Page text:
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CAMHS won't see you now

Community hospital pay 'meltdown'

GPs working in community hospitals earn less than the national minimum wage for the work, the BMA has revealed.

The shock statistic is set to form a central plank of the BMA's final attempts to negotiate a UK-wide deal for community hospitals.

The revelation of abysmally low pay levels came as the GPC warned that failure to negotiate acceptable pay rates could lead to 'meltdown' in community hospital cover and spark mass GP resignations from September.

GP negotiators said a practice with a contract to provide cover to an average-sized 30-bed community hospital for 24 hours a day, seven days a week, 52 weeks a year, was paid just £3.50 an hour. The figure falls far short of the minimum wage for those aged 22 and over of £4.50 an hour.

GPC negotiator Dr Peter Holden, chair of the professional fees committee, said if UK-wide talks failed, deals would then have to be struck on a country-by-country or even hospital-by-hospital basis.

Dr Holden added if the Government expected GPs to continue to work on current pay levels the BMA would look at the possibility of claiming constructive dismissal.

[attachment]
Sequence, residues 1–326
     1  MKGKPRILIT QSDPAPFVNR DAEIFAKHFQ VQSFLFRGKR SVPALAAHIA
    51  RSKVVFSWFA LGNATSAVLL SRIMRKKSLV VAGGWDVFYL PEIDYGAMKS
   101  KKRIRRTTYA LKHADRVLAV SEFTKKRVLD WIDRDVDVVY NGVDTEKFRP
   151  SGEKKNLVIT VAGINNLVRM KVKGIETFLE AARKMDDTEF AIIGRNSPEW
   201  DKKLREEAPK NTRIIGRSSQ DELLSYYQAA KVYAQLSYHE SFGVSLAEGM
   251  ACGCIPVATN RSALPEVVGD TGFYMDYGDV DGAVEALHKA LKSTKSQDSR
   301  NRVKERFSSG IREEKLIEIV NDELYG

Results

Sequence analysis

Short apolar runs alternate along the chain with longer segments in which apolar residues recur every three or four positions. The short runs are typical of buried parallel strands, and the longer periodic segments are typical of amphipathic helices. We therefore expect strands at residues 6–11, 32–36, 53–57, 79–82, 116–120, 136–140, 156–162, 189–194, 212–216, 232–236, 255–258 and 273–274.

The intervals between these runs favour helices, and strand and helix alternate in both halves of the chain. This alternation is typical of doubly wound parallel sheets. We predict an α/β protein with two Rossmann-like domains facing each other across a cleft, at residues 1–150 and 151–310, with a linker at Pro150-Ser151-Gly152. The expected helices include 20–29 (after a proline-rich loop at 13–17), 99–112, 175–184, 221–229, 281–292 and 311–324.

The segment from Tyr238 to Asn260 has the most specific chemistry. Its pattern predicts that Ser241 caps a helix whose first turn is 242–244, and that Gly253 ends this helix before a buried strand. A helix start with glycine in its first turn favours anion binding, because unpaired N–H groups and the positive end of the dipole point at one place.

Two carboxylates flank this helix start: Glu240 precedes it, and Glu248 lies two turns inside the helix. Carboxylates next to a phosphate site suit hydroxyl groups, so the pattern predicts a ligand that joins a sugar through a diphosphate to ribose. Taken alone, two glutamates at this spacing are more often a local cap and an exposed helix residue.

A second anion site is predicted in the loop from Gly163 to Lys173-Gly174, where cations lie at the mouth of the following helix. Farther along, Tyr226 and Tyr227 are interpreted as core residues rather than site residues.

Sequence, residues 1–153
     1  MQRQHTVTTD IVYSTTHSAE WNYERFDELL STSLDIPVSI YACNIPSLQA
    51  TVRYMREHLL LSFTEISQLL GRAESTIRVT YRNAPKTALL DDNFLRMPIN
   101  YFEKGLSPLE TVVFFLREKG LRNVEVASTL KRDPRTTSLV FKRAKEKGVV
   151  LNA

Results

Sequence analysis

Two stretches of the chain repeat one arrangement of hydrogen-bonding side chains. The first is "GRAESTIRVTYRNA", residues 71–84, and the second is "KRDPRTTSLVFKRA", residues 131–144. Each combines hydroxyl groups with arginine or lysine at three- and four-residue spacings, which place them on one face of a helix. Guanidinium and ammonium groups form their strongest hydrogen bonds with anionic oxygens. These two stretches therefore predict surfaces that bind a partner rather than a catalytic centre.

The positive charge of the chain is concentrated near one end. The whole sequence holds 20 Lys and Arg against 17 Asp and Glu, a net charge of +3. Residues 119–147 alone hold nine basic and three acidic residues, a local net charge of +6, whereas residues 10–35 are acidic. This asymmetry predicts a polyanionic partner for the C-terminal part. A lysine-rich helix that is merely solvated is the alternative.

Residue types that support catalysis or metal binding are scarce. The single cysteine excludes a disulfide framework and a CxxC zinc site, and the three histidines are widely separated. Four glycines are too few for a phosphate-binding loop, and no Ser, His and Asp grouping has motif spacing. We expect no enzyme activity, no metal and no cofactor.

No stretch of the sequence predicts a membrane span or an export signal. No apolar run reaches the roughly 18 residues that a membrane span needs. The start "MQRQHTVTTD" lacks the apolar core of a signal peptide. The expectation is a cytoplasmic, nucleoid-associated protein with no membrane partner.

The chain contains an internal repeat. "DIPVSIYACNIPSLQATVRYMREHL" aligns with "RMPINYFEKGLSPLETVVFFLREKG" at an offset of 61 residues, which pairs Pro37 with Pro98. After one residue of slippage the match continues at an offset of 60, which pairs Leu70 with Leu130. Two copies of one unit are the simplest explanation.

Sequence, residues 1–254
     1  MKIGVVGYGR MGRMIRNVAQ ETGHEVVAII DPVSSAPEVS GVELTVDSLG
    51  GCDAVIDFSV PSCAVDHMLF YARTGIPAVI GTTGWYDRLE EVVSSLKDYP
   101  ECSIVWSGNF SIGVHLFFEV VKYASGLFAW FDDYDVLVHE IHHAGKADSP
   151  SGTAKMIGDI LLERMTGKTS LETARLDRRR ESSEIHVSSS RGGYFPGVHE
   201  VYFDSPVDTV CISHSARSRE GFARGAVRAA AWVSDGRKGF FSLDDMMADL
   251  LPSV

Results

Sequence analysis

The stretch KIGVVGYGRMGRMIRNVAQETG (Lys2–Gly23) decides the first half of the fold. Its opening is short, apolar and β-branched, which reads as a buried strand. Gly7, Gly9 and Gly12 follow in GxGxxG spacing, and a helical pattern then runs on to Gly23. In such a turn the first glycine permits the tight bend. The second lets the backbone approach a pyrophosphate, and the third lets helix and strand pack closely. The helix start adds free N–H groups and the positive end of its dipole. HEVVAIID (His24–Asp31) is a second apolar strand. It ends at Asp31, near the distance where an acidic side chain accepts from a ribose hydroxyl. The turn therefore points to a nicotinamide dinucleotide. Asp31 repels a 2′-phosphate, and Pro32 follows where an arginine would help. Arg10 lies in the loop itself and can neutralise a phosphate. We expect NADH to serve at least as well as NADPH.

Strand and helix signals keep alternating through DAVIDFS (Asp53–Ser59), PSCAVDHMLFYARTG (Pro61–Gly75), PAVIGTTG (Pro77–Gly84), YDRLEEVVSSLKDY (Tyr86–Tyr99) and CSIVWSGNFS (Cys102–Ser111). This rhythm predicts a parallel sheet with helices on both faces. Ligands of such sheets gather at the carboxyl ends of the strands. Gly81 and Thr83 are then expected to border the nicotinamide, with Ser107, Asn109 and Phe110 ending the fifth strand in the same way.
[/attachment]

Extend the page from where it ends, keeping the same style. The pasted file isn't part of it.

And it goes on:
He said he had been pushing for new contracts for two years – after the work was excluded from the new GMS contract – and GPs wanted a five-fold pay rise with no out-of-hours commitment.

Despite a communication from the Department of Health, which said it was 'willing to move forward in a way that involves all the relevant parties', ministers had not conveyed any sense of urgency, Dr Holden said.

'There will be one final attempt for a UK deal but the Government has got to realise it must come in weeks not months,' he said. 'It does look as though we are looking at four-country negotiation. I sus- pect what will happen is we will end up with local negotiations.'

Dr Holden wants all talks, whether UK, national or local, to be concluded before the summer or GPs will be urged to submit resignations from September, giving three months' notice to quit all

out-of-hours work at the

same time.

By Ian Cameron

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